Human immunodeficiency virus type 1 Vif causes dysfunction of Cdk1 and CyclinB1: implications for cell cycle arrest.

Sakai K, Barnitz RA, Chaigne-Delalande B, Bidère N, Lenardo MJ - Virol. J. (2011)

Vif-induced cell cycle arrest is partially dependent on MOI. Non-synchronized Jurkat cells were infected with NL4-3e-n-GFP e-f+r+ (A and B), e-f+r- (C and D), and e-f-r- (E and F) at the indicated MOIs. (A, C, and E) DNA content of GFP+ cells was examined by flow cytometry using DRAQ5 at 24 and 42 hours post-infection as previously described [4]. The percentage of the G2 and G1 populations were modeled using the Watson Pragmatic cell cycle model and the ratio was plotted [4]. All data were represented as mean ± the SD of triplicates. The ns, single (*), double (**), and triple (***) asterisks denote p > 0.05, p < 0.05, p < 0.01, and p < 0.001, respectively, using a one-way analysis of variance (ANOVA) with multiple-comparison tests (Prism, Graph-Pad Software). For each MOI at each time point the G2/G1 ratio for e-f+r+>e-f+r->e-f-r- with p < 0.00001 as analyzed by a one-way ANOVA with multiple-comparison tests. (B, D, and F) The expression of Vif and Vpr increases with increasing MOIs. Lysates were prepared from infected cells at 24 hours post-infection and analyzed for the expression of viral proteins by immunoblotting. The following antibodies were used: mouse anti-p24-capsid (ARRRP) [55,57], rabbit anti-Vpr (a kind gift from B. Sun), mouse anti-Vif (ARRRP) [54-56], and mouse-anti-β-actin (Sigma-Aldrich). Densitometry of the bands was performed using ImageJ (NIH), and the intensity of each band was normalized to β-actin. The fold change of Vif expression is shown under the immunoblots. These data are representative of three experiments.
© Copyright Policy - open-access
Related In: Results  -  Collection

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Figure 4: Vif-induced cell cycle arrest is partially dependent on MOI. Non-synchronized Jurkat cells were infected with NL4-3e-n-GFP e-f+r+ (A and B), e-f+r- (C and D), and e-f-r- (E and F) at the indicated MOIs. (A, C, and E) DNA content of GFP+ cells was examined by flow cytometry using DRAQ5 at 24 and 42 hours post-infection as previously described [4]. The percentage of the G2 and G1 populations were modeled using the Watson Pragmatic cell cycle model and the ratio was plotted [4]. All data were represented as mean ± the SD of triplicates. The ns, single (*), double (**), and triple (***) asterisks denote p > 0.05, p < 0.05, p < 0.01, and p < 0.001, respectively, using a one-way analysis of variance (ANOVA) with multiple-comparison tests (Prism, Graph-Pad Software). For each MOI at each time point the G2/G1 ratio for e-f+r+>e-f+r->e-f-r- with p < 0.00001 as analyzed by a one-way ANOVA with multiple-comparison tests. (B, D, and F) The expression of Vif and Vpr increases with increasing MOIs. Lysates were prepared from infected cells at 24 hours post-infection and analyzed for the expression of viral proteins by immunoblotting. The following antibodies were used: mouse anti-p24-capsid (ARRRP) [55,57], rabbit anti-Vpr (a kind gift from B. Sun), mouse anti-Vif (ARRRP) [54-56], and mouse-anti-β-actin (Sigma-Aldrich). Densitometry of the bands was performed using ImageJ (NIH), and the intensity of each band was normalized to β-actin. The fold change of Vif expression is shown under the immunoblots. These data are representative of three experiments.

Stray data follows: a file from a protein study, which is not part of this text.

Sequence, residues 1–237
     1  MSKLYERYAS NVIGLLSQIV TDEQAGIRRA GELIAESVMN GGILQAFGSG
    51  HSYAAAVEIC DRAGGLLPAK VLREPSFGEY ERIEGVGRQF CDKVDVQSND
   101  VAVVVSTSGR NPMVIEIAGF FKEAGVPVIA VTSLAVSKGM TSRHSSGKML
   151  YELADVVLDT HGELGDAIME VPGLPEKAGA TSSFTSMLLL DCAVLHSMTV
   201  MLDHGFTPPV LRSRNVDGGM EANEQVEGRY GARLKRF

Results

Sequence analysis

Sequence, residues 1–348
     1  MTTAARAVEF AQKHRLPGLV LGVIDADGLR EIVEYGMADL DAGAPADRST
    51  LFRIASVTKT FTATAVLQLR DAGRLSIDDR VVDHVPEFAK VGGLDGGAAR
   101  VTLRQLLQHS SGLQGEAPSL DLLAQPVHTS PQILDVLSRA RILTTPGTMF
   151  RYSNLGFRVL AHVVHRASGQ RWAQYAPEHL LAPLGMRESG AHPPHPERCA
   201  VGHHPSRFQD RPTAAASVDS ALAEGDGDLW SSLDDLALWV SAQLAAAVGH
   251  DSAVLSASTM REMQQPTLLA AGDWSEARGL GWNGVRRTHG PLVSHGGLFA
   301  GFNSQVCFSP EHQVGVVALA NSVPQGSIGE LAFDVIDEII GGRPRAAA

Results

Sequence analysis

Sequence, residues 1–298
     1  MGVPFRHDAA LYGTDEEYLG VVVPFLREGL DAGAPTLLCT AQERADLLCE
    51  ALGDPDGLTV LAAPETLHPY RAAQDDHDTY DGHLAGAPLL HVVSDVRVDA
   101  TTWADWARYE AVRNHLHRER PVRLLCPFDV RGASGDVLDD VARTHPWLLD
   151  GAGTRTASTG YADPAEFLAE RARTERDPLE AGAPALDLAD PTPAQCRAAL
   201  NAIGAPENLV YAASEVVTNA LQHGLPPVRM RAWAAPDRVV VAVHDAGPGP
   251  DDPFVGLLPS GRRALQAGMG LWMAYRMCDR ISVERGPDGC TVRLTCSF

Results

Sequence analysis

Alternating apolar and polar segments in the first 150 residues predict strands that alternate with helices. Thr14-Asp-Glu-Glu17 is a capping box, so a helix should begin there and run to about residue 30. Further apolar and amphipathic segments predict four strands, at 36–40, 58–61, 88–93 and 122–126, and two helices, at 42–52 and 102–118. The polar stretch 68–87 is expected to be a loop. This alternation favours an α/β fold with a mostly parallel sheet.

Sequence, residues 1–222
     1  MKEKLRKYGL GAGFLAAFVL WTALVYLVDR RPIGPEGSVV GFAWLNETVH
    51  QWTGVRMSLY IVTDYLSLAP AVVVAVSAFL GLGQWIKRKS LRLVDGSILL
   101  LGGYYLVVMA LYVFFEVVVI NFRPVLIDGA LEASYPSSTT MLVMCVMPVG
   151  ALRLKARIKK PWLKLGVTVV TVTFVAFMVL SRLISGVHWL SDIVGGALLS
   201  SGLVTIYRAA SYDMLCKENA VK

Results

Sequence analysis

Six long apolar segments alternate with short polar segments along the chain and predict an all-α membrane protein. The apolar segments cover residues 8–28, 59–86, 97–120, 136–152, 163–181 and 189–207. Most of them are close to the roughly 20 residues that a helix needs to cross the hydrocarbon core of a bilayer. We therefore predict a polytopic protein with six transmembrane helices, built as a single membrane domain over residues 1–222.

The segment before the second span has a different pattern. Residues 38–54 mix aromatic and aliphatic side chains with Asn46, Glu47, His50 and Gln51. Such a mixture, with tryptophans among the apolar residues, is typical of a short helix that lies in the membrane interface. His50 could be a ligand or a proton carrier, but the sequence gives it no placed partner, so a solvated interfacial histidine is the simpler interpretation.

Mentions: A recent study reported that Vif induced a delay in cell cycle rather than complete arrest [15]. It is difficult to compare our results and those reported by DeHart and colleagues because the experimental system used in their study, especially the cells (SupT1 cells) and level of infection (multiplicities of infection [MOI] of 1-2), is different from ours [3,15]. We observed that the G2 arrest due to Vif alone was most pronounced at a high MOI. Furthermore, unlike the combination of Vpr and Vif, Vif-induced cell cycle arrest showed a direct relationship with increasing MOI (and therefore the increasing expression level of Vif), whereas the arrest caused by the e-f+r+ virus appeared to be independent of MOI (Figure 4A-D). However, similar to the cell cycle blockade caused by the e-f+r+ virus, cells infected with the e-f+r- virus showed the highest G2/G1 ratio on day 2 post-infection, when the expression of the provirus peaks (Figure 4 and data not shown). We observed strong cell cycle arrest caused by high levels of Vif expression in both synchronized and non-synchronized Jurkat cells (Figures 1B and 4B). As previously shown [3], the e-f-r- virus caused no significant G2 arrest (Figure 4E and 4F). Thus, high expression of Vif arrested cells in the G2 phase, although not to the same degree as the combined expression of Vpr and Vif.

Bottom Line: To elucidate how Vif induces arrest, we infected synchronized Jurkat T-cells and examined the effect of Vif on the activation of Cdk1 and CyclinB1, the chief cell-cycle factors for the G2 to M phase transition.We found that the characteristic dephosphorylation of an inhibitory phosphate on Cdk1 did not occur in infected cells expressing Vif.Taken together, our results suggest that Vif impairs mitotic entry by interfering with Cdk1-CyclinB1 activation.

View Article: PubMed Central - HTML - PubMed

Affiliation: Laboratory of Immunology, National Institutes of Allergy and Infectious Diseases, National Institutes of Health, Bethesda, Maryland, USA.

ABSTRACT
The two major cytopathic factors in human immunodeficiency virus type 1 (HIV-1), the accessory proteins viral infectivity factor (Vif) and viral protein R (Vpr), inhibit cell-cycle progression at the G2 phase of the cell cycle. Although Vpr-induced blockade and the associated T-cell death have been well studied, the molecular mechanism of G2 arrest by Vif remains undefined. To elucidate how Vif induces arrest, we infected synchronized Jurkat T-cells and examined the effect of Vif on the activation of Cdk1 and CyclinB1, the chief cell-cycle factors for the G2 to M phase transition. We found that the characteristic dephosphorylation of an inhibitory phosphate on Cdk1 did not occur in infected cells expressing Vif. In addition, the nuclear translocation of Cdk1 and CyclinB1 was disregulated. Finally, Vif-induced cell cycle arrest was correlated with proviral expression of Vif. Taken together, our results suggest that Vif impairs mitotic entry by interfering with Cdk1-CyclinB1 activation.

Show MeSH
Related in: MedlinePlus